Uber warned of self-driving safety risks before autonomous car killed pedestrian, report claims

Daily Mail

A fatal accident involving a pedestrian and one of Uber's self-driving vehicles could have been prevented, a new report claims. An employee warned the ride-sharing giant that there were issues with Uber's autonomous-driving technology just days before Elaine Herzberg, a 49-year-old Arizona woman, was struck and killed. The email, which was sent to several high-level executives at Uber, warned that the self-driving cars had been involved in several accidents, likely due to'poor behavior of the operator of the AV technology,' according to the Information. A fatal accident involving a pedestrian and one of Uber's self-driving vehicles could have been prevented, as a new report claims the firm was warned of safety issues ahead of the crash Robbie Miller, a manager in the testing-operations group, sent the email on March 13th. The crash, which involved Herzberg being hit by a manned autonomous vehicle in Tempe, Arizona, occurred just five days later on March 18th.

The Revolution Will Be Driverless: Autonomous Cars Usher In Big Changes


The future of the driverless car is going to affect the future of how we travel and what we do in cars. But driverless cars are also likely to transform roads, cities, suburbs, jobs, the economy and daily life. My guest Samuel Schwartz expects it to be a very disruptive technology. Schwartz is the author of the new book "No One At The Wheel: Driverless Cars And The Road Of The Future," which he says is about the good, the bad and the ugly of how driverless cars will change our world. He knows a lot about transportation systems. He served as the traffic commissioner of New York City and chief engineer of the city's Department of Transportation. He now has his own consulting firm and has worked with cities around the world on transportation-related issues. Later in our conversation, after we talk about the future, we're going to talk about traffic problems that plague us today. We're going to use the words driverless car interchangeably with the words autonomous vehicle, or AV. In your book, you write that AVs, autonomous vehicles, will be the most disruptive technology to hit society worldwide since the advent of the motorcar. Give us a couple of examples of industries or jobs or roadways that we might not realize will be profoundly affected by AVs once they start to really dominate. SAMUEL SCHWARTZ: I think everybody is expecting fewer drivers, and, you know, that's no surprise. But it also means that there're probably going to be fewer repair shops because AVs lend themselves to fleet operations, especially if they're going to be offering rides, as opposed to selling maximum vehicles. So car dealerships may disappear. So this is going to have wide impacts. Truckers, of course, are going to be impacted - how we move about in so many different ways.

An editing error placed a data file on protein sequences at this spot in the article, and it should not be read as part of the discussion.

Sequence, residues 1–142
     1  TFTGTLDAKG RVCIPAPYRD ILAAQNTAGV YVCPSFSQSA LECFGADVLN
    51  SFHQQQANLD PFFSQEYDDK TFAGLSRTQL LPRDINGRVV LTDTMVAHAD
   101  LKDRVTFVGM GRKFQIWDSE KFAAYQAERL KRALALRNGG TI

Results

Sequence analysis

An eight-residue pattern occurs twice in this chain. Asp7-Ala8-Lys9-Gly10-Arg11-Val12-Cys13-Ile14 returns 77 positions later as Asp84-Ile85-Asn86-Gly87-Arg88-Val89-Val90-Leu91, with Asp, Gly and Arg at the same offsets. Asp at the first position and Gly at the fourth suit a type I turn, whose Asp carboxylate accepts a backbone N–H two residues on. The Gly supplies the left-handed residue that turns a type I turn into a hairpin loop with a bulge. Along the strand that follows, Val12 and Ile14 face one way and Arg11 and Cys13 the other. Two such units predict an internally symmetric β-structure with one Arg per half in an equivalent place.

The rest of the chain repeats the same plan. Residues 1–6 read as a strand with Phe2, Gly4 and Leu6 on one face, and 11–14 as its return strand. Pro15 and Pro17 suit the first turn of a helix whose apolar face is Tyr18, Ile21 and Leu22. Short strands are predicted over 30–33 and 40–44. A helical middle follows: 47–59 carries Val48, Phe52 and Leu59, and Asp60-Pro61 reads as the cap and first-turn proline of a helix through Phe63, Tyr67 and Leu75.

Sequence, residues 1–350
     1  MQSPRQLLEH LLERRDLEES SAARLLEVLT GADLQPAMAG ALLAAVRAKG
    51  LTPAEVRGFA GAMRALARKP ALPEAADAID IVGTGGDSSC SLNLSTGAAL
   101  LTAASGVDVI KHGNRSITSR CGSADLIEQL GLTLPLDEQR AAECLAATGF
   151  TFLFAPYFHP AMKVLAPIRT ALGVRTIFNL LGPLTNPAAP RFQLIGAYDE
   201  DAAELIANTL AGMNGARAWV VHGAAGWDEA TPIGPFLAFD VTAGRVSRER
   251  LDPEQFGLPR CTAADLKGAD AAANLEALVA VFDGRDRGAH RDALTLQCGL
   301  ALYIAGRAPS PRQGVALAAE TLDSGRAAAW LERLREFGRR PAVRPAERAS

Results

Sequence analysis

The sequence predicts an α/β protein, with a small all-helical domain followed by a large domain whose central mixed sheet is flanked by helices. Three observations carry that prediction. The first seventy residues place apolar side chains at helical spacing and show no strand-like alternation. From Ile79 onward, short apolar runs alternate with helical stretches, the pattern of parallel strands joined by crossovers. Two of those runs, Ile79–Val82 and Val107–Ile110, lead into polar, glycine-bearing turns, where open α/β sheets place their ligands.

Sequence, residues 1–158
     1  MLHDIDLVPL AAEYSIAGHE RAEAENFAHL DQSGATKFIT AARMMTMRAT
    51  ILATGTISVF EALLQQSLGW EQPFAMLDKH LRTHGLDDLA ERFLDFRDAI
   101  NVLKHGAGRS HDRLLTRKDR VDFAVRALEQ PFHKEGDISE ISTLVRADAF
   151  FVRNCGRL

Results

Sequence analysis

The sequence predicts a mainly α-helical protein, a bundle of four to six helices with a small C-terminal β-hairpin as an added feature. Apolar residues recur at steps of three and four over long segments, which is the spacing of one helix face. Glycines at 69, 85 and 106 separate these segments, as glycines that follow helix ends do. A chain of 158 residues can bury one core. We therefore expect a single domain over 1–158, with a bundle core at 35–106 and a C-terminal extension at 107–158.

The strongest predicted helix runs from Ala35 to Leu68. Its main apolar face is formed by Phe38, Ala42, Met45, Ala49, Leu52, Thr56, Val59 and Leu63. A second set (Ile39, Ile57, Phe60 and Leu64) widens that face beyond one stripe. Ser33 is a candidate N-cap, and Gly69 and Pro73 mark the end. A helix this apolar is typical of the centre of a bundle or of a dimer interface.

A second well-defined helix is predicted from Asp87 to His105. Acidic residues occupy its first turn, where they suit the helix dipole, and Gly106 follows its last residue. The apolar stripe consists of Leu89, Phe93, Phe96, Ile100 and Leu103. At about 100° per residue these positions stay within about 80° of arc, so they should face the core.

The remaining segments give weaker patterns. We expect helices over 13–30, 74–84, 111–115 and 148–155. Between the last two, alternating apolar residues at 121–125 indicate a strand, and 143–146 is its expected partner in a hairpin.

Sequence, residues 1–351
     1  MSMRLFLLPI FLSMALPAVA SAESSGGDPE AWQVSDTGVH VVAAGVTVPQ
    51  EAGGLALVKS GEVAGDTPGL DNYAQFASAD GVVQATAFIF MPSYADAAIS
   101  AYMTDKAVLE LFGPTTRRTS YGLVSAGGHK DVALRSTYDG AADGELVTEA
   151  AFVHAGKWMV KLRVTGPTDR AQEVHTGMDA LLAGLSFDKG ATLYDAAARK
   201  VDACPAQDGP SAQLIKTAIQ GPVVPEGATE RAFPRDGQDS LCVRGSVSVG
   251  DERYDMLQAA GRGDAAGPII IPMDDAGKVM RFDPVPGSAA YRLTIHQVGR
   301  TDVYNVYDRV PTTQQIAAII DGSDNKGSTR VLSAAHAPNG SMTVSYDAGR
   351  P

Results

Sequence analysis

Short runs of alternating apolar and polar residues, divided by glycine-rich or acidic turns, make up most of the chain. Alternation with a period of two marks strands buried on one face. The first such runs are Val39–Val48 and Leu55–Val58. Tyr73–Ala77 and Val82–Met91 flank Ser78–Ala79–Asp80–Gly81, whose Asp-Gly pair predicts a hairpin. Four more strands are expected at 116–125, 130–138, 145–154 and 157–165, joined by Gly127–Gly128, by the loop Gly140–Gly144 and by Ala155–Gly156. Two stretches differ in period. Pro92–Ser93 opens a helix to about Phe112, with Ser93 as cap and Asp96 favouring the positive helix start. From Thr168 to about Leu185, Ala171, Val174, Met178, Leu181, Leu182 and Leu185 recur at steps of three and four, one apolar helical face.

SK Telecom, Hyundai, and Trimble to use 5G in construction